The CBE-SpRY-OPT plasmids were created by inserting the 3’UTR + poly-A fragment in the pCAG-CBE4max-SpRY-P2A-EGFP (Addgene #140003) plasmid, and by replacing the CBE4max-SpRY coding sequence with the CBE-SpRY_U-delp fragment. CBE-SpRY-OPT1 and CBE-SpRY-OPT2 plasmids contain a T7 promoter followed by a G and A nt, respectively, allowing alternative capping.
Plasmids are available upon request.
We manually designed sgRNAs targeting the −200 region of the HBG1/2 promoters and an unrelated genomic site (AAVS1) (Supplementary Table 1). To generate the sgRNA expression plasmid, oligonucleotides were annealed to create the sgRNA protospacer and the duplexes were ligated into the Bbs I-digested MA128 plasmid (provided by M. Amendola, Genethon, France). Plasmids are available upon request. For RNA-mediated base editing we used chemically modified synthetic sgRNAs harboring 2′-O-methyl analogs and 3′-phosphorothioate nonhydrolyzable linkages at the first three 5′ and 3′ nucleotides (Synthego).
mRNA in vitro transcription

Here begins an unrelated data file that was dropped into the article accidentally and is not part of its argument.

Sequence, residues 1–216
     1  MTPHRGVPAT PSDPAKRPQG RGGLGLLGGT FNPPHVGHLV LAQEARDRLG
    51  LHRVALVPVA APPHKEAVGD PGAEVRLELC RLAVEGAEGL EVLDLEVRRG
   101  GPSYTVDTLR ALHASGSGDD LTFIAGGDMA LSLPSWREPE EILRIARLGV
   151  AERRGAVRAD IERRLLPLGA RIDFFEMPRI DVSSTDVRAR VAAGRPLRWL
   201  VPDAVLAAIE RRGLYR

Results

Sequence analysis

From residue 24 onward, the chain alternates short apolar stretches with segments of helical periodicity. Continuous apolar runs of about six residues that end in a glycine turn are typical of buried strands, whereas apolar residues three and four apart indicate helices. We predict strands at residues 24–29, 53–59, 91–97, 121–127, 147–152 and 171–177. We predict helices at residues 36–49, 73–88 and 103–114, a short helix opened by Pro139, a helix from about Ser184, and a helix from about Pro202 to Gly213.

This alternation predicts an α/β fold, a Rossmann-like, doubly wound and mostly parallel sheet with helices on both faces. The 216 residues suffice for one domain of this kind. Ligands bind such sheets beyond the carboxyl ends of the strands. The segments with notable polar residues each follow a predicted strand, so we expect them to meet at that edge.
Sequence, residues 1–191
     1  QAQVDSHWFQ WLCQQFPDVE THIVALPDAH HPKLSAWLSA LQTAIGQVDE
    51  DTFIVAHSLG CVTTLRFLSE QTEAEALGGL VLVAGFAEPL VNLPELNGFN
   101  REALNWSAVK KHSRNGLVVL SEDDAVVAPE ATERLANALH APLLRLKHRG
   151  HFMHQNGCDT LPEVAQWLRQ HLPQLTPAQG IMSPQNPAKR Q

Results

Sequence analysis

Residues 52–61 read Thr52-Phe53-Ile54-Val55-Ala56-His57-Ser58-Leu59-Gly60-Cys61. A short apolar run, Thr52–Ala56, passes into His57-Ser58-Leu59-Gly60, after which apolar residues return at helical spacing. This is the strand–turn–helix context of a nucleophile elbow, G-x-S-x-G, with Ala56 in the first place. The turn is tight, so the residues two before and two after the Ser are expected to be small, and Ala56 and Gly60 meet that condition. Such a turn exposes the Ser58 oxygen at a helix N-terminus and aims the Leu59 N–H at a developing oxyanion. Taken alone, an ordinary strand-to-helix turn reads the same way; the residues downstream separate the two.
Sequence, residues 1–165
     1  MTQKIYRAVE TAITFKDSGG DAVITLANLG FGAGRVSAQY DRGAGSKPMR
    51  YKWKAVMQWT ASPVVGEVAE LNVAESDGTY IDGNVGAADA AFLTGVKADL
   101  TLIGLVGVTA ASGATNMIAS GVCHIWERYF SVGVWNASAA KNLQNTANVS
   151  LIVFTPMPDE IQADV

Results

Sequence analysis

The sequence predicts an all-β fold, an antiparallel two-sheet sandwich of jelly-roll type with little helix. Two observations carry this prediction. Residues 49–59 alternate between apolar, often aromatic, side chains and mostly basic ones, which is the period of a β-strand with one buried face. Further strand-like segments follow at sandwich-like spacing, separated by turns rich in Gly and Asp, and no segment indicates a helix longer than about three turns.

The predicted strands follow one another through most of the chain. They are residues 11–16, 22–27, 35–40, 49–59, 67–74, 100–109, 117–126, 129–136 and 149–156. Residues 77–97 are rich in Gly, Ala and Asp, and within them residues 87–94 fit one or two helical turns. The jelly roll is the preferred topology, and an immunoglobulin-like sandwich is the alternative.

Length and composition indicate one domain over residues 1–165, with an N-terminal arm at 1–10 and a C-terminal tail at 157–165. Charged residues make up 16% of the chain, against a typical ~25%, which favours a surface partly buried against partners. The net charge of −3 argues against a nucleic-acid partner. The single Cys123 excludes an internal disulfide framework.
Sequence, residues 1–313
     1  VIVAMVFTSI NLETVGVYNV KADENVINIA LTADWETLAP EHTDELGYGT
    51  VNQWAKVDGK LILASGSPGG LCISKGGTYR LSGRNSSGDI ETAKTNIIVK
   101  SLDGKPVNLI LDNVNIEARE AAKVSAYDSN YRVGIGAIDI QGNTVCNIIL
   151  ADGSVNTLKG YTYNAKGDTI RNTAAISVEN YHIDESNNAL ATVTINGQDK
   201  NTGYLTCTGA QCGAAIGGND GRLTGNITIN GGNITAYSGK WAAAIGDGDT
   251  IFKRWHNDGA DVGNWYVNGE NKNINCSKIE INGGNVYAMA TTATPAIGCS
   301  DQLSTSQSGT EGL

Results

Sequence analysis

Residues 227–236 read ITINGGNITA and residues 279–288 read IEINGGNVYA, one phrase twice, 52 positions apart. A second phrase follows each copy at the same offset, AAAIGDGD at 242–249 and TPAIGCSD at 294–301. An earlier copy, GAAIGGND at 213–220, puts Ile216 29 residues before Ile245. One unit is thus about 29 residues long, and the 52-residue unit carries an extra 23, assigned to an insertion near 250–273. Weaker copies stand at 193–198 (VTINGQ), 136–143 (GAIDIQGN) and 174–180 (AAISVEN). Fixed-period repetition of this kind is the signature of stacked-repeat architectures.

In total, 10 μg of BE-expressing plasmids were digested overnight with 20 Units of a restriction enzyme that cleaves once after the poly-A tail or after the stop codon, for constructs with or without a poly-A tail, respectively. The linearized plasmids were purified using a PCR purification kit (QIAGEN) and were eluted in 30 μl of DNase/RNase-free water. In all, 1 μg of linearized plasmid was used as a template for the in vitro transcription (ivt) reaction (MEGAscript, Ambion). The ivt protocol was modified as follows. The GTP nucleotide solution was used at a final concentration of 3.0 mM instead of 7.5 mM and the anti-reverse cap analog N7-Methyl-3’-O-Methyl-Guanosine-5’-Triphosphate-5’-Guanosine (ARCA, Trilink) was used at a final concentration of 12.0 mM resulting in a final ratio of Cap:GTP of 4:1 that allows efficient capping of the mRNA. The incubation time for the ivt reaction was reduced to 30 minutes. For constructs without a poly-A tail already included in the plasmid, an additional step of polyadenylation was performed using the manufacturer’s guidelines (Poly-A tailing kit, Ambion). mRNA was precipitated using lithium chloride and resuspended in TE buffer in a final volume that allowed to achieve a concentration of >1 μg/μl. The mRNA quality was evaluated using Bioanalyzer (Agilent). CBE-SpRY-OPT2 mRNA, containing 5-methoxyuridine, capped with Cap1 analog, and subjected to silica membrane purification, was purchased from Trilink.